Oxymoron: Comprehensive Sales and Marketing Plans (Comprehensive?)

Today I was browsing a website that lists member requests for assistance with various business issues.  I have never really taken the time to look at what type of requests are on the list, but for some reason, I was curious today.  It was laden with the usual requests for IT system selection help, recommendations for attorneys, etc.  But for some reason, the one that really stood out to me went something like this:

Comprehensive Sales and Marketing Plan

Member is looking for an updated/more comprehensive version of a sales and marketing plan. Any suggestions would be helpful. This member would like to achieve a better planning tool ffor their directors to create and use more effectively.

Is it just me, or does anyone else see the oxymoron in the phrase “Comprehensive Sales and Marketing Plan?” 

There are plenty of ways to develop a “Comprehensive Sales and Marketing Plan”, but the problem with most that we’ve seen is that they aren’t comprehensive at all.  Almost by definition, a “Sales and Marketing Plan” ISN’T comprehensive, because the focus is on only two elements within a business: Sale and Marketing. 

Far too often, Sales and Marketing exercises tend to become  internally-focused idea generation projects that are used to determine budgets, with action plans for how to spend the budget added in for good measure.  There are two significant stakeholders that are missing from the exercise:  the Customer and Operations, and this represents a “slight problem.”

Many planning methodologies fail to collect meaningful insights from existing Customers.  Our research has shown, for instance, that for Customers that have defected to a competitor, over 60% indicated they were Satisfied in a their most recent “Customer Satisfaction Survey.”  Customer Satisfaction means “shopping for the next best deal” and has nothing at all to do with Customer LOYALTY. 

While it’s one thing to fall short of understanding the Customer, it’s quite another thing to develop a Sales and Marketing plan without adequate operational involvement.  Yet, this is done as a matter of routine within most organizations that have the best and brightest minds working in Sales and Marketing.  The notion is that Operations will somehow rise to Deliver whatever the Marketing Plan dictates, and that Sales will sell.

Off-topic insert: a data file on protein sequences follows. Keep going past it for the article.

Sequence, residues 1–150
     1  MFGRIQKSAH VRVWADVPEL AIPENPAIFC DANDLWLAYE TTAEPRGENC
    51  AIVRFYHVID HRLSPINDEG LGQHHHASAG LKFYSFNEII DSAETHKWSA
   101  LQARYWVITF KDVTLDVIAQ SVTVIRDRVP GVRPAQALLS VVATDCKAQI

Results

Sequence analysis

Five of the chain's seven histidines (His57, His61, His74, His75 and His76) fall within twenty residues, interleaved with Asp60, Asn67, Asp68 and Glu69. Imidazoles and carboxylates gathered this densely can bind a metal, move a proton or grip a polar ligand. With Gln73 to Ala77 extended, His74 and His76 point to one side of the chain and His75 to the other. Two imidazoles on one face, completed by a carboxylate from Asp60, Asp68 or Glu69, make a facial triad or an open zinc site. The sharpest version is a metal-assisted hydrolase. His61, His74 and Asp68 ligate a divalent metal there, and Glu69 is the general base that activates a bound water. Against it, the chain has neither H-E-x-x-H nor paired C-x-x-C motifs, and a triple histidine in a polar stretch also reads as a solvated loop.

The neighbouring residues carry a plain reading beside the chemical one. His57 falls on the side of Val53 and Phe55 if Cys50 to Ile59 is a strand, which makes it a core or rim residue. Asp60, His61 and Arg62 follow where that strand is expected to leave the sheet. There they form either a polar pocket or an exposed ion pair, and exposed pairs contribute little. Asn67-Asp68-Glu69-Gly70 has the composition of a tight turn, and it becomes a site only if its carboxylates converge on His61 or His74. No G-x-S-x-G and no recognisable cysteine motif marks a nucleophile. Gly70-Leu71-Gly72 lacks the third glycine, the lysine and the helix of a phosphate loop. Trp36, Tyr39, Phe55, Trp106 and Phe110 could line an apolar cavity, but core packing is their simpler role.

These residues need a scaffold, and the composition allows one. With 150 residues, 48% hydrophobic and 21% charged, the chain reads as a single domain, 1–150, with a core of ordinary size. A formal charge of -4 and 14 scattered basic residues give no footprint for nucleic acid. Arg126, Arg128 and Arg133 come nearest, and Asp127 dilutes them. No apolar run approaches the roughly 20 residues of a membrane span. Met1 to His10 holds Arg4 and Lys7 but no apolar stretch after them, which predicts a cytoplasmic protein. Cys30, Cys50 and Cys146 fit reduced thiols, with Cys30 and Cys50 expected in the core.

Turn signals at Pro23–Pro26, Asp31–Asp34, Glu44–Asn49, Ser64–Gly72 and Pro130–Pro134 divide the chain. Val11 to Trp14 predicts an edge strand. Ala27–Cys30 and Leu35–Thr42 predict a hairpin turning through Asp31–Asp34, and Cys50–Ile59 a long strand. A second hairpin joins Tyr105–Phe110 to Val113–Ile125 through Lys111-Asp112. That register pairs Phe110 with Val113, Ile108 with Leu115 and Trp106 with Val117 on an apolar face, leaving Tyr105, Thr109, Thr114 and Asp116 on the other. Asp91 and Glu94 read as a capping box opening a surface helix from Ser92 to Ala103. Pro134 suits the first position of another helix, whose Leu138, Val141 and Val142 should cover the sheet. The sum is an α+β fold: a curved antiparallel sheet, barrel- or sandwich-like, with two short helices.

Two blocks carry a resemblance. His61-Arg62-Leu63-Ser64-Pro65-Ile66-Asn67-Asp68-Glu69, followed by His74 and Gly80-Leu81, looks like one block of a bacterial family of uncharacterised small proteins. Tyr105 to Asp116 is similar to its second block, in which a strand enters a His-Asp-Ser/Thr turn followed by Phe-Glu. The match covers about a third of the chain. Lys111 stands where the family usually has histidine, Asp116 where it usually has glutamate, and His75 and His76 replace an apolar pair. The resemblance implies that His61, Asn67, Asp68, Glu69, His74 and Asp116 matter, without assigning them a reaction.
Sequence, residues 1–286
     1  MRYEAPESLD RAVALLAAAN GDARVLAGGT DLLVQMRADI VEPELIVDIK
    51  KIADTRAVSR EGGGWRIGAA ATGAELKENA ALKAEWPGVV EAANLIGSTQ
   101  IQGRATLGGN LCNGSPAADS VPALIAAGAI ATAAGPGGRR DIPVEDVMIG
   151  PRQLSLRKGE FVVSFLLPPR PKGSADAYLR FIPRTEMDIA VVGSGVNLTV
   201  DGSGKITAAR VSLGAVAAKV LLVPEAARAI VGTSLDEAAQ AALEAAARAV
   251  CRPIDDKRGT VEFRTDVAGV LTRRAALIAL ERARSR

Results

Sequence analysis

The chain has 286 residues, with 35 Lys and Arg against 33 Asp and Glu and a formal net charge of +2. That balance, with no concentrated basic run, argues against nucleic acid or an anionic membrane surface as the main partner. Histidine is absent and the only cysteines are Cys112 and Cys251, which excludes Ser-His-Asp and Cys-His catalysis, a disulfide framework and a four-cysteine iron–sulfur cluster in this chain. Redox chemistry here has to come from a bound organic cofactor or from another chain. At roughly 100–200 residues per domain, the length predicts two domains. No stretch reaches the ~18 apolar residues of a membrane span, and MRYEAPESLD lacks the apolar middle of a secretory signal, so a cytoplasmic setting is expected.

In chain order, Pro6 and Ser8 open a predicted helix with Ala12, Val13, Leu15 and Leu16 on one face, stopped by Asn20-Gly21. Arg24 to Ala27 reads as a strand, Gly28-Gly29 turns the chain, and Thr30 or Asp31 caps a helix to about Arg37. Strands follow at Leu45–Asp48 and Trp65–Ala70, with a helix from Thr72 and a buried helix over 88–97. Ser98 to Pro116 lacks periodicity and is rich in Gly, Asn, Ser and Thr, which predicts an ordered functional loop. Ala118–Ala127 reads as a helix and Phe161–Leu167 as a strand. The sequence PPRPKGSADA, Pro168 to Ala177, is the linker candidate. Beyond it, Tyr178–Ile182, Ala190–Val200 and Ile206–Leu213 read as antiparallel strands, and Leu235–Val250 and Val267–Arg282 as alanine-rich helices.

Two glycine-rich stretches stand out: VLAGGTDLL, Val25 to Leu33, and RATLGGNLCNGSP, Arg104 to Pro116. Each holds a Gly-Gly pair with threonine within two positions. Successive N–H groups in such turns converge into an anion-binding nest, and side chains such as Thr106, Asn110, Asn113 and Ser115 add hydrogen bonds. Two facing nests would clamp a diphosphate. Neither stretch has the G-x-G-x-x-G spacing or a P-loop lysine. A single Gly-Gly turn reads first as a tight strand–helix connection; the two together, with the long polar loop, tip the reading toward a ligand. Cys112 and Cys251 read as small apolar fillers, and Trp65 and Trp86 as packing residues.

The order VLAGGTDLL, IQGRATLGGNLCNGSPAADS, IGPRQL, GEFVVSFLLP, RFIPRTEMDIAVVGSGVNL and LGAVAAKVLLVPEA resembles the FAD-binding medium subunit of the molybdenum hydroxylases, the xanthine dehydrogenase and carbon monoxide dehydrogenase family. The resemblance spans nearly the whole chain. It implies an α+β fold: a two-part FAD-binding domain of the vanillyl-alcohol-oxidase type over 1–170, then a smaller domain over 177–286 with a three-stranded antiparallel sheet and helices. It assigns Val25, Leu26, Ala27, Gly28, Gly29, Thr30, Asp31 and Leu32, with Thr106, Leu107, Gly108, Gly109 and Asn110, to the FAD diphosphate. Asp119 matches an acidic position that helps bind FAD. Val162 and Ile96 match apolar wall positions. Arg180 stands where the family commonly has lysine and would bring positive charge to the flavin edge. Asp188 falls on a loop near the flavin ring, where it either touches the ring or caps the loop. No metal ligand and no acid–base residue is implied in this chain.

Far too often, the result of a “Comprehensive Sales and Marrketing Plan” is a plan that costs real money communicating capabilities that don’t quite exist to potential new Customers, all the while forgetting about the needs of existing Customers and how to build Loyalty based on Trust. 

Comprehensive Sales and Marketing Planning cannot possibly be effective unless Customers and Operations are integrally involved in the Process.  It starts with knowing what Promises can be Made and Kept that are important to the Customer.  These are “Strategic Promises” or “Brand Promises” that have been studied sufficiently to ensure that they will build Customer Loyalty, enhance Market Differentiation, and Improve Profitability.  When Organizations have clearly articulated Brand Promises, building a Sales and Marketing Plan is easy.

The hard part?  Figuring out which Promises can feasibly be Made and Kept that will yield Customer Loyalty, Differentiation, and Profitability.  And actually, that’s not too hard either, if the CEO makes the decision to become Promise-Driven.  Without executive leadership towards a simple method to manage Customer expectations and internal spending initiatives, functional managers will do what they always do:  propose solutions for the business that happen to fit their view of the world. 

A business built on optimizing each functional area fails because there will never be agreement on how the overall Operation should function to meet a Customer’s need.  Localized optimums simply don’t work, and only the CEO can dictate a different path.

That’s why I’ve recently coined the term “Chief Promise Officer” to explain what the CEO’s role is in the organization in terms of creating a foundation that all functional areas must work to build upon.  In an upcoming post, I’ll explain the Chief Promise Officer role in greater detail.

Greg Lins
Customer Experiences Inc.

View Greg Lins's profile on LinkedIn

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2 Responses to Oxymoron: Comprehensive Sales and Marketing Plans (Comprehensive?)
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